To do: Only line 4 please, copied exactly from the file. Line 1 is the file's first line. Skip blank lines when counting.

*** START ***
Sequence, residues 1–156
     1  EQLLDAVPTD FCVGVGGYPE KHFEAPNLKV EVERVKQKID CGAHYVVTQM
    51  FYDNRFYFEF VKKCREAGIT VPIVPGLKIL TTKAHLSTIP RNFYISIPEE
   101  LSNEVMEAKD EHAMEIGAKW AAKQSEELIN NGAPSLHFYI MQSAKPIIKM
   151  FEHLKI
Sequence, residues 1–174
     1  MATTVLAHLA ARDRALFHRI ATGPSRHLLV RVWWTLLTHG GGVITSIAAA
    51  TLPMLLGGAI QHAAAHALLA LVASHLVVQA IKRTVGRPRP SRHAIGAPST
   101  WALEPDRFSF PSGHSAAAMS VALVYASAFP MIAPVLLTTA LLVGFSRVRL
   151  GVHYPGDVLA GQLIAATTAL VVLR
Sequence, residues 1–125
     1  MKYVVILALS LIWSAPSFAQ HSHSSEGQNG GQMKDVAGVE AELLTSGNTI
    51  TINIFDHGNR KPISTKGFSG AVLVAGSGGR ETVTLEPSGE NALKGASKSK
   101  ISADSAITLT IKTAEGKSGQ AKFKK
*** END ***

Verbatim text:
   101  LSNEVMEAKD EHAMEIGAKW AAKQSEELIN NGAPSLHFYI MQSAKPIIKM